# How Much To Eat

( Originally Published 1921 )

I discussed briefly the subject of calories. There is no occasion for figuring the number of calories in one's food from a practical standpoint of eating for health and strength. However, we cannot consider the scientific data and records of experiments that throw light on that question of how much to eat without use of the term calory.

One of the earliest lines of research in food science was the effort to formulate dietary standards. The method of doing this was the keeping of records of the quantities of foods eaten by various groups and types of people. With the kinds and amounts of food known, it was easy to figure the total number of calories or the total quantity of food, considered as body fuel.

The following table gives the number of calories per man per day for the various occupation groups listed. These figures are for the most part the averages of the diets of many individuals, and fairly represent the conventional eating habit of Americans.

QUANTITIES OF FOOD EATEN BY VARIOUS OCCUPATIONAL GROUPS

Calories per day
Football teams 6,590
Lumbermen 5,420
Well Paid Laborers 3,925
College Clubs 3,580
Professional Men 3,480
Farmers 3,415
Southern Negroes 3,395
Skilled Mechanics 3,355
Teachers 3,195
Garment Workers 3,145
Office Clerks 3,125
Salesmen 2,980
Poorly Paid Laborers 2,810

It is seen that the amounts of food eaten by these different groups of people vary widely. The chief causes of these variations is the amount of muscular labor performed and the amount of money available to pay for the food. If individual data be given for different men, or different families, even in the same occupational groups, the figures would also show a wide range in quantities of food eaten.

A very interesting check on these figures on the amount of foods commonly eaten by Americans was made by the Hoover Food Administration during the war. Statistics were secured of the entire quantity of food consumed in the United States. Figured out according to population and reduced to a unit of man per day, it was found that the average American man consumes 3,424 calories per day. This backs up very convincingly the figures secured by measuring the foods actually eaten by various groups of individuals.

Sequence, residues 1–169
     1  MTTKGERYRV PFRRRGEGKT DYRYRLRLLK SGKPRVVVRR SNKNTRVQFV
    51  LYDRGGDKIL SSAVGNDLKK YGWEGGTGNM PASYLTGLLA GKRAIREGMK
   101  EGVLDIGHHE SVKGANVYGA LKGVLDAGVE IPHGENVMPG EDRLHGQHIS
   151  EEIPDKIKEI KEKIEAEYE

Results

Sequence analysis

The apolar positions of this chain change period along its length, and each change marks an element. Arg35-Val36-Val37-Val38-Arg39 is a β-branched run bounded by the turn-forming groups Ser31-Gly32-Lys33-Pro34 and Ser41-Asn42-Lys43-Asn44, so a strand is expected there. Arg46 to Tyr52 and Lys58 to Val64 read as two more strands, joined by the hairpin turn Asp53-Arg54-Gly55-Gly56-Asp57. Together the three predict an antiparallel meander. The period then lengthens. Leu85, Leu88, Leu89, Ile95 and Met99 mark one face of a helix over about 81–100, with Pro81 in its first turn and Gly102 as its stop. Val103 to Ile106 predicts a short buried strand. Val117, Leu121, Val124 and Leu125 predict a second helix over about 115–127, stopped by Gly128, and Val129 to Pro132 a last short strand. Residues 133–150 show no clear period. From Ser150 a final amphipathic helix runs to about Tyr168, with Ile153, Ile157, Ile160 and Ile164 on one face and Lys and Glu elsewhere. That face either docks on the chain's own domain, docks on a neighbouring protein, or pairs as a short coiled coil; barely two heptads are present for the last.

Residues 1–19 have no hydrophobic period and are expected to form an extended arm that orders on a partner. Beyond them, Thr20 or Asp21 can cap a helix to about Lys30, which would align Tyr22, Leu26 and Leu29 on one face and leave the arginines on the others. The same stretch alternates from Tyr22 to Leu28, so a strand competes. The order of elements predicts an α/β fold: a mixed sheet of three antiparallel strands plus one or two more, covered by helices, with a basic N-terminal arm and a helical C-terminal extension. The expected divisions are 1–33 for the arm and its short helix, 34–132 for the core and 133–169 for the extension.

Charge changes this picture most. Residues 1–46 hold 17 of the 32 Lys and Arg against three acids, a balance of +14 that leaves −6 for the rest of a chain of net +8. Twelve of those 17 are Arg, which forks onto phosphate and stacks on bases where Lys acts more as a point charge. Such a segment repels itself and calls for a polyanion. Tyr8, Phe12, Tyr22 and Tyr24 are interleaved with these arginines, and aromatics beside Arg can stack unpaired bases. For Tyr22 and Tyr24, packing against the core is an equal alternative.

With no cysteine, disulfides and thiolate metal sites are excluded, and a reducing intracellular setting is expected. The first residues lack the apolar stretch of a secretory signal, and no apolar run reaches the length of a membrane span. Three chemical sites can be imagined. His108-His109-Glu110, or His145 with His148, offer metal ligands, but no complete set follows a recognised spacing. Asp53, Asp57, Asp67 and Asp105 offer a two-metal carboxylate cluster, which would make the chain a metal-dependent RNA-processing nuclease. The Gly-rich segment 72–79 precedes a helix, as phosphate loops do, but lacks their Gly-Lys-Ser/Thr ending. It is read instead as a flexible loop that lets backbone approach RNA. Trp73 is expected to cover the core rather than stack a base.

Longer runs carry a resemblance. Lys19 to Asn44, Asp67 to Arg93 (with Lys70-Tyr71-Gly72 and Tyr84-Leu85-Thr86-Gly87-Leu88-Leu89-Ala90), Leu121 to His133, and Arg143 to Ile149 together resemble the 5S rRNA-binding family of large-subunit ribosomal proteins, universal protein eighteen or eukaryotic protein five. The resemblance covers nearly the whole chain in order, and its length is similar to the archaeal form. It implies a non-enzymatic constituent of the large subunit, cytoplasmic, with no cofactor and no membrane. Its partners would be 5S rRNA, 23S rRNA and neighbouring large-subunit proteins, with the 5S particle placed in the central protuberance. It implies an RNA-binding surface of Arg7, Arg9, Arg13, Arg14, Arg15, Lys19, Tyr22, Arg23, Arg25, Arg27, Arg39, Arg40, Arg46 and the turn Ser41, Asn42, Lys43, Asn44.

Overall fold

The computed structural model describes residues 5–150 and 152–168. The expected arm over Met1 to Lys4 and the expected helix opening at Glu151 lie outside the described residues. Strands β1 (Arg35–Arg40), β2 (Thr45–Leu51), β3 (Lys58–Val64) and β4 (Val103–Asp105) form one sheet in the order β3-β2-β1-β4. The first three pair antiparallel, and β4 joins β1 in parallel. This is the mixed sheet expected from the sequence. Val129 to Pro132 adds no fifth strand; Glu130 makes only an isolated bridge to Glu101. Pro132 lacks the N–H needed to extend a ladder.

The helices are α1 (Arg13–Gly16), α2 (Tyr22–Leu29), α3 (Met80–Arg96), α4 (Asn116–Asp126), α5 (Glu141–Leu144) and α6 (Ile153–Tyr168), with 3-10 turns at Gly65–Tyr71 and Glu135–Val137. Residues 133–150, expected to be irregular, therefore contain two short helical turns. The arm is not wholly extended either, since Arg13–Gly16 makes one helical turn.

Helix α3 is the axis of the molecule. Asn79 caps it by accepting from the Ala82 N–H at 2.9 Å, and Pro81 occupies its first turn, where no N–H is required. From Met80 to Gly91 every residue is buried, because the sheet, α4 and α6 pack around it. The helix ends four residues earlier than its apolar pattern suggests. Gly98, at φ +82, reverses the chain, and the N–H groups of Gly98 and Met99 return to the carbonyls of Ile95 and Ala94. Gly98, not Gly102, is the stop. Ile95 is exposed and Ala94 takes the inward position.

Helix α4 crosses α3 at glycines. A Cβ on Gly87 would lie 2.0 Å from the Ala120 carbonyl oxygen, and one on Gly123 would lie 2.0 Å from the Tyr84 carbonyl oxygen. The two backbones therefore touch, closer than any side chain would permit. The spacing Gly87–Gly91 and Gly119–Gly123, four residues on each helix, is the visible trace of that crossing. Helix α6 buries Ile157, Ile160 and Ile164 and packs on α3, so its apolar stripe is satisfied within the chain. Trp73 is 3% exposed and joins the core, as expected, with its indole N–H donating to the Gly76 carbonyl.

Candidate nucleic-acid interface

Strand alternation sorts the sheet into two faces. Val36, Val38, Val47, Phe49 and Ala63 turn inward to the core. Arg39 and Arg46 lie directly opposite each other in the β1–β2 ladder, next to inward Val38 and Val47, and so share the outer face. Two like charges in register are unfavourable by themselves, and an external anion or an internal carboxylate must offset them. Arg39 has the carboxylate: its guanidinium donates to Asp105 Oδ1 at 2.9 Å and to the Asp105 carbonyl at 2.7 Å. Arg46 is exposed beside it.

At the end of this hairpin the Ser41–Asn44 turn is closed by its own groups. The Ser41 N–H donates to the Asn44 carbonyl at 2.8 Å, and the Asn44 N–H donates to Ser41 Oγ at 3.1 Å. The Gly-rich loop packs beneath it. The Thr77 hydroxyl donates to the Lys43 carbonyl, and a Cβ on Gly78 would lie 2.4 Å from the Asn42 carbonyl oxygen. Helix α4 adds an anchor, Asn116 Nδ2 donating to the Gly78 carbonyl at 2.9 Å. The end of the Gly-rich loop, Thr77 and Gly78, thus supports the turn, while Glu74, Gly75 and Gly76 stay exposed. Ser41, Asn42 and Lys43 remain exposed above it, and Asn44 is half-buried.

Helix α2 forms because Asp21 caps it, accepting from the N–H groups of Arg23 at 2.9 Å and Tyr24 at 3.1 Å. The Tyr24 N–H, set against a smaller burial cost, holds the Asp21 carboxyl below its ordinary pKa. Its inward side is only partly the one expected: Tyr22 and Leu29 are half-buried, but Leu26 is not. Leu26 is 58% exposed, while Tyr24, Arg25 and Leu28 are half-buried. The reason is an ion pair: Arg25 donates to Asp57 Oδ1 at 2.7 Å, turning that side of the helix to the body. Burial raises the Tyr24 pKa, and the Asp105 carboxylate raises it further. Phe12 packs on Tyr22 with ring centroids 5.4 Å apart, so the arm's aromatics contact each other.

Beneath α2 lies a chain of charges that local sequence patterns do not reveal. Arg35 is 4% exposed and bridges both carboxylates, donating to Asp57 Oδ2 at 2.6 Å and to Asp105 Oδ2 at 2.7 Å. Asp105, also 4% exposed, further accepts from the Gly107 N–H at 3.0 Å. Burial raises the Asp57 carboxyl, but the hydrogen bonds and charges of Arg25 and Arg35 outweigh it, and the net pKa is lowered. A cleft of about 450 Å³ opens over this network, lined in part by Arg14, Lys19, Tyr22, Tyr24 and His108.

From the studies of the amount of food that men do eat, food scientists tried to derive definite standards which should serve as a guide to tell men how much they should eat.

Such a table of food standards was drawn up by Atwater and was widely published by the United States Government. It was as follows:

ATWATER TABLE OF FOOD STANDARDS

Calories

Men at very hard work 5,500
Men at hard work 4,130
Men at moderate work 3,500
Men at light work 3,150
Men at sedentary occupation or women at moderate work 2,700
Men taking no muscular exercise or women at light work 2,450

This seems to us now to be a rather foolish method of reasoning. To assume that what men dodo is what they should do is certainly not the way to learn the truth or to make progress in the world. By a similar method of reasoning we might determine the average amount of stealing that men do and thereby derive a standard of thieving. It also reminds one a little of the old lady's assurance that every one of us must eat his peck of dirt.

These illustrations are a little far-fetched, but even in more closely related instances we can see the fallacy of using the average man as a standard or guide for those seeking the best way to live. The average amount of exercise taken, at least by the city dweller, would hardly be accepted by the ardent physical culturist as a guide for his own practice. In the matter of the body weight this same error of accepting the average as the standard has actually prevailed—as will be fully brought out in our chapters which discuss the control of the body weight.

These dietary standards derived, from observation upon average eating habits were further checked, and to a large extent: verified by a more elaborate and scientific method. I refer to the use of the Respiratory Calorimeter. This interesting scientific device consists of an air-tight chamber properly insulated against loss of heat. If a man, or an animal, be placed in such a chamber it is possible to measure very accurately the amount of oxygen consumed and carbon dioxide given off, and so determine the amount of oxidation that occurred. By further measurements may be determined the amount of heat generated and the mechanical labor of the test subject. By the usual chemical methods, both the food and the excretory products may be analized. When such researches are continued for sufficient time it is also possible to calculate from this data, checked by the changes in the body weight, the accumulation or loss of fat or protein substance from the body.

By such elaborate and thorough investigation scientists were able to learn just how much food the body seems to require and how that food was consumed or expended in the production of heat, muscular work, or in additions to the body substance.